The Road to Bethlehem
Today, we left the Sea of Galilee and journeyed south to Bethlehem. Our drive took us around the East side of the lake, down through the Jordan Valley, and then West through the Judean Wilderness. We passed the ancient city of Jericho and the mountain where Jesus was tempted by the devil after forty days of fasting. Along the way, we passed by several shepherds tending their sheep on parched pastures, as the ramshackle encampments they call home. Soon, we began to climb higher into the mountains, and then, like an oasis in the desert, Jerusalem appeared on the horizon.
In Jesus’ day, Bethlehem was a tiny village a few miles outside of town. Today, it is a sprawling suburb that connects to the main city through adjacent suburbs. Far from the sleepy town that had no room for Mary and Joseph, the Bethlehem of today is a thriving, modern city with busy streets lined with vendors of every kind.
Our first stop was the Church of the Nativity. Owned by the Greek Orthodox, Armenian Apostolic and Roman Catholic Churches, this site is the oldest functioning Christian church in the world today. This ancient and beautiful church is crowded with tourists and pilgrims, and as we bowed to enter the low threshold of the Door of Humility, we were greeted by long lines of people awaiting their turn to see the place where Jesus is believed to have been born. As I ducked under yet another low entrance, I descended down three steps into the cave where Mary gave birth to our Savior. This humble dwelling reminded me once again of the lowly way Jesus both entered and left his earthly life. We weren’t able to spend much time here due to the long line, but I had enough time to kneel at this sacred spot and offer a simple prayer: “Lord, thank you for coming to save us.”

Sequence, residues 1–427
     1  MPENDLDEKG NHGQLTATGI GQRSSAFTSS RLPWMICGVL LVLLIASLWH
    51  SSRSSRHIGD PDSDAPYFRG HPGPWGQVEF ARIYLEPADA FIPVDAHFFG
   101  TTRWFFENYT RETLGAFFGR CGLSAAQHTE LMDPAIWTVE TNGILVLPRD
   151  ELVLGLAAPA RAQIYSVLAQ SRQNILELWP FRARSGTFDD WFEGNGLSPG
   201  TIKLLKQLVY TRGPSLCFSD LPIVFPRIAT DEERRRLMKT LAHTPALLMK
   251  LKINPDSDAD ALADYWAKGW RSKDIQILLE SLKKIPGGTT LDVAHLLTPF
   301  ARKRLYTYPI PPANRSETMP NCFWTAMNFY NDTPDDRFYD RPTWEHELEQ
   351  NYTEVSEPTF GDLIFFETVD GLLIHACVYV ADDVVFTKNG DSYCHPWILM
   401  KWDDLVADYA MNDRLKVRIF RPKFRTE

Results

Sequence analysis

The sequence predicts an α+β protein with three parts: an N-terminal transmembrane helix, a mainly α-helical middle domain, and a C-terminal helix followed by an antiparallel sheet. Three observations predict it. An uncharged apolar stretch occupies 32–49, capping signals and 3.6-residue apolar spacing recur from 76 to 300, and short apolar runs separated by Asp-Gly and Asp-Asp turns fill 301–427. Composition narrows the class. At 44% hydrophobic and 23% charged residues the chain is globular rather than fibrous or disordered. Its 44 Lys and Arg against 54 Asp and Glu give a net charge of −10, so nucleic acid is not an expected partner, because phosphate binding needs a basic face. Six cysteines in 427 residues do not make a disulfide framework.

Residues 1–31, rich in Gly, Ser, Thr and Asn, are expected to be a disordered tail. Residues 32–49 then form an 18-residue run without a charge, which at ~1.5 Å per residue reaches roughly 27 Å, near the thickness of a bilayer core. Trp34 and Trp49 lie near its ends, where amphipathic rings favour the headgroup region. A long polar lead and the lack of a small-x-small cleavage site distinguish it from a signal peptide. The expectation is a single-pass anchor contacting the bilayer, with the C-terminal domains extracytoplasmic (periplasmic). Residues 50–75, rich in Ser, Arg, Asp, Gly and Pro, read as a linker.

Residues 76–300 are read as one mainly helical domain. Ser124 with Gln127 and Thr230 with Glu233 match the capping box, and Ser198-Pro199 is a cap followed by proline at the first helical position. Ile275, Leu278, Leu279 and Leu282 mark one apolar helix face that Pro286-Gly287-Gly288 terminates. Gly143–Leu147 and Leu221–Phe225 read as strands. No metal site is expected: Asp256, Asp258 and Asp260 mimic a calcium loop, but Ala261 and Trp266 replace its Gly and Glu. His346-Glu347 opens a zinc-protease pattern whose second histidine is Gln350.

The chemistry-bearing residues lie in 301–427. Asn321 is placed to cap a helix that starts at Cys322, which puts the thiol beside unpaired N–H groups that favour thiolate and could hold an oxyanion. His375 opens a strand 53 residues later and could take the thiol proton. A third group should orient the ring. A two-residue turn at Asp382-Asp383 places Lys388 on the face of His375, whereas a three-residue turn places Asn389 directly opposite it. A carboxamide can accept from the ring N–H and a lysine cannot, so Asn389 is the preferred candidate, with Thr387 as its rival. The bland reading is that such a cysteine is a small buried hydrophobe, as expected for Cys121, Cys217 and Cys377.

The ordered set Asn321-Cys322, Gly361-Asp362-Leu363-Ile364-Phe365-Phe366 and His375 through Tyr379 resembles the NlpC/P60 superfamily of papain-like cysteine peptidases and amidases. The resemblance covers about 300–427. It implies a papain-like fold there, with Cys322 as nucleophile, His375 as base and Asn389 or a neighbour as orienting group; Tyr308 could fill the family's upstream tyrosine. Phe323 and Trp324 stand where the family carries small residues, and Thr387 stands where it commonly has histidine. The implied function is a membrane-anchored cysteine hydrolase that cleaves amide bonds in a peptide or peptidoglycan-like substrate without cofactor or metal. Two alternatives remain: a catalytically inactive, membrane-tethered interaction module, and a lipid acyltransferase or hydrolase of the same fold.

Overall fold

Our second stop today was at the Shepherd’s Field. Located just a few miles away, between Bethlehem and Jerusalem, this is where it is believed that the angels appeared to the shepherds on the night of Jesus’ birth. There is a large cave here, with a simple altar and several pews. We gathered inside for a moment of worship and prayer before heading into Jerusalem for the night.
As it was in Jesus’ day, Jerusalem remains a city divided by religious and political differences. It is a busy place, filled with commerce, tourists, government buildings, rich and poor. And yet, as in Jesus’ day, it remains a place of hope and promise. Perhaps this is why Jesus chose this place...a place ripe with challenges and opportunities, to begin a life that would show all of us that there is a better way to peace.